In late 2017 and through summer of 2018, freight rates had been driven up by a capacity crunch in the trucking industry, and a panic amid shippers – such as big retailers or industrial companies that need to get their merchandise across the country – that trucking companies won’t be able to keep up with demand.
To meet that demand, truckers went on a buying binge, ordering a record number of Class-8 trucks that now have entered service.
But now that the trucking boom has turned into a trucking bust, we are watching orders for heavy trucks absolutely collapse.
In fact, according to Zero Hedge the number of new orders for heavy trucks in May was down a whopping 70 percent compared to a year ago…
Preliminary North America Class 8 net order data from ACT Research shows that the industry booked just 10,800 units in May, down 27% sequentially, but also lower by an astonishing 70% year-over-year. YTD orders are down 64% compared to the first five months of 2018.
This would not be happening if we had a “booming” economy.
Last year, the Cass Freight Index was showing robust increases month after month because economic activity was definitely rising.
But now the Cass Freight Index has fallen on a year-over-year basis for six months in a row because U.S. economy activity is dropping.
As I noted yesterday, nobody should be attempting to claim that the U.S. economy is in good shape at this point. All of the numbers are definitely pointing in the other direction.
So what does all of this mean for average U.S. consumers?
What it means is that we should all be getting ready to go through another brutal economic downturn. I personally know some people that have already lost their jobs, and a lot more job losses are coming. It doesn’t matter if you have worked your tail off for years and have been the most loyal worker in America. When it comes time for heads to roll, it won’t be the corporate executives with the fat paychecks that are let go.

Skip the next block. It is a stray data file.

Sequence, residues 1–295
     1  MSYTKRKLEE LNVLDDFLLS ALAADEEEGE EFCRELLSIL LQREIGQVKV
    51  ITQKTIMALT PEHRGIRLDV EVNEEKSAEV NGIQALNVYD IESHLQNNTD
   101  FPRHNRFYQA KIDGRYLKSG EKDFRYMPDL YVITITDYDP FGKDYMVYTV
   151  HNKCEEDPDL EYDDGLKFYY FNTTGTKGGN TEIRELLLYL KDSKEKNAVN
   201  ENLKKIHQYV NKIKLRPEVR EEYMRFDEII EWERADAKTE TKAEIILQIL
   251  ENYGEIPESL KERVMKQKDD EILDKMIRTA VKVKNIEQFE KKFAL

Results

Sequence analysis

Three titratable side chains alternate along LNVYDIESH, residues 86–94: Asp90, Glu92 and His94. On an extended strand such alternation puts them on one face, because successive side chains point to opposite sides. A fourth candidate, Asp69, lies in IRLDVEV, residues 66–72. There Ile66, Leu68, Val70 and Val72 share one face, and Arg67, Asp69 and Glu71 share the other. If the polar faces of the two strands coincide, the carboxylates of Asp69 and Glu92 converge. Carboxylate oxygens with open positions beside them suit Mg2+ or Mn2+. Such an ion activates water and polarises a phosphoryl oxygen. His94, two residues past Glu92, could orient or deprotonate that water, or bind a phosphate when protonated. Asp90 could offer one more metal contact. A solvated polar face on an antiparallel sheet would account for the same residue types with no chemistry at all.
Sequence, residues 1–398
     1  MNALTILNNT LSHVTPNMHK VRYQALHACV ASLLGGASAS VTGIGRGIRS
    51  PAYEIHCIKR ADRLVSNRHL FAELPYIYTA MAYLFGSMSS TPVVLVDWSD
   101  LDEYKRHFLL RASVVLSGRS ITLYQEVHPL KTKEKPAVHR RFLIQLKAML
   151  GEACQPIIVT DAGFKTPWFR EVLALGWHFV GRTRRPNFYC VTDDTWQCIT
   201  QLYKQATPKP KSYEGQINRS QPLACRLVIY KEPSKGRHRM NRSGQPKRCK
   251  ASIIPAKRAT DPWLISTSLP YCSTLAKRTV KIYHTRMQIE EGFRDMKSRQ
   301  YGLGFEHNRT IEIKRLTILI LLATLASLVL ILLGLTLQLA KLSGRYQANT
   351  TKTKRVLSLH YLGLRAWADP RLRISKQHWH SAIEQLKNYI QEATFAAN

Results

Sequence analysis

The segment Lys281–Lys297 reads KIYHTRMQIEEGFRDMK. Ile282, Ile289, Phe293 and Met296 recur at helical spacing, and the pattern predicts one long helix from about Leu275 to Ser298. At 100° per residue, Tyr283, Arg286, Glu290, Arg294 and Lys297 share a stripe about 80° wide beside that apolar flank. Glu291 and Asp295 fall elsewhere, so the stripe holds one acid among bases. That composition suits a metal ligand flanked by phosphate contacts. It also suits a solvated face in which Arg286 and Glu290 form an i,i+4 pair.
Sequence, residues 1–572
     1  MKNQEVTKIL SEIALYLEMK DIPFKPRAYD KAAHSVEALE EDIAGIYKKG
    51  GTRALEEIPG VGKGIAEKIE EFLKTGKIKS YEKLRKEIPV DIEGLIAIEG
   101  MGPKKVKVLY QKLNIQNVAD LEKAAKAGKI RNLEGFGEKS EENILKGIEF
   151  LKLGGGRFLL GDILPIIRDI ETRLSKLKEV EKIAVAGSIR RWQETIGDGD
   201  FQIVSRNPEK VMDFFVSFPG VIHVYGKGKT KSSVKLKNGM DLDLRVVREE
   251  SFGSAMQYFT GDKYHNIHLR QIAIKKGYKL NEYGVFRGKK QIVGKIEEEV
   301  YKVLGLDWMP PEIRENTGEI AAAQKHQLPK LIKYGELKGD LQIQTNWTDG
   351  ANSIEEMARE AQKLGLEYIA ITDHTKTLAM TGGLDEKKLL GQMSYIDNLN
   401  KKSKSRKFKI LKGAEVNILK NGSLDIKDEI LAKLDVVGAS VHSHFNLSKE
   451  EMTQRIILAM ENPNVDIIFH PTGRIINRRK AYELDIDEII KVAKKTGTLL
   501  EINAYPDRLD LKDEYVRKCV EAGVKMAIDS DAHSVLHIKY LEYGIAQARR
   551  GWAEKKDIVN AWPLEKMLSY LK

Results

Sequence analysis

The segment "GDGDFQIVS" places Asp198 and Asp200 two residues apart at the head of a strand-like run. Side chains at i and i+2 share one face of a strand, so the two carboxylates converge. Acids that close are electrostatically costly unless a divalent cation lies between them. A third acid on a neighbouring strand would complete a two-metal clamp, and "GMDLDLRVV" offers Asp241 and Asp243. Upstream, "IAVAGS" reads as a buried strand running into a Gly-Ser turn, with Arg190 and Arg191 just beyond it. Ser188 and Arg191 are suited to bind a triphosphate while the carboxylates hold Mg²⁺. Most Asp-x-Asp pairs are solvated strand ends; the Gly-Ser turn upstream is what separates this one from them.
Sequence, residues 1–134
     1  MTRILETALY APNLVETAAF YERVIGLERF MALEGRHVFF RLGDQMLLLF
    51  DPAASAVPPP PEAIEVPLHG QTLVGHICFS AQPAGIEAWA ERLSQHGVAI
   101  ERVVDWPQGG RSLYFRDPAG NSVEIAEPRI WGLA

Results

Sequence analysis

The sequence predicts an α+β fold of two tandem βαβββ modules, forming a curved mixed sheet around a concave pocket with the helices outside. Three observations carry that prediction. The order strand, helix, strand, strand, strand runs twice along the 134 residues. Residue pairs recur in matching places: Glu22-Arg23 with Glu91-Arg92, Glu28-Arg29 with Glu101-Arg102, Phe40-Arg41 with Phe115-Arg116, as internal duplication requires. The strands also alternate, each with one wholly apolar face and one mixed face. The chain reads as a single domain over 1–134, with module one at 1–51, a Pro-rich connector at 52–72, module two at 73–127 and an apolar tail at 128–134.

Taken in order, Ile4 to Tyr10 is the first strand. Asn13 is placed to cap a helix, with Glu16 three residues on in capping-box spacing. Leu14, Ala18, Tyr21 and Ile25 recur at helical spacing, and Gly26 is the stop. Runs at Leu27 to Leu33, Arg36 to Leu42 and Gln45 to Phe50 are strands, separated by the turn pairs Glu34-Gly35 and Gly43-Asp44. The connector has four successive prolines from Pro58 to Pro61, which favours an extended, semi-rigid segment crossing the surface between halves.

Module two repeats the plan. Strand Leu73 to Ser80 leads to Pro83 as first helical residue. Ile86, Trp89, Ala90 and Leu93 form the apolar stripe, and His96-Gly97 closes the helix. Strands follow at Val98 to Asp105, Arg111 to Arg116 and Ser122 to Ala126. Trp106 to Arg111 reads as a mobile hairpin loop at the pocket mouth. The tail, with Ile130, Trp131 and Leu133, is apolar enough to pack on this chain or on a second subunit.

Someday soon you may be called into the manager’s office without any warning whatsoever and be escorted out of the building 15 minutes later.
That is literally how fast it can happen.
When things started to go bad in 2008, the economic dominoes began to fall very quickly.
We should probably expect a similar scenario this time around.
The “next economic downturn” is already here, and the months ahead promise to be quite “interesting” indeed.
About the author: Michael Snyder is a nationally-syndicated writer, media personality and political activist. He is the author of four books including Get Prepared Now, The Beginning Of The End and Living A Life That Really Matters. His articles are originally published on The Economic Collapse Blog, End Of The American Dream and The Most Important News. From there, his articles are republished on dozens of other prominent websites. If you would like to republish his articles, please feel free to do so. The more people that see this information the better, and we need to wake more people up while there is still time.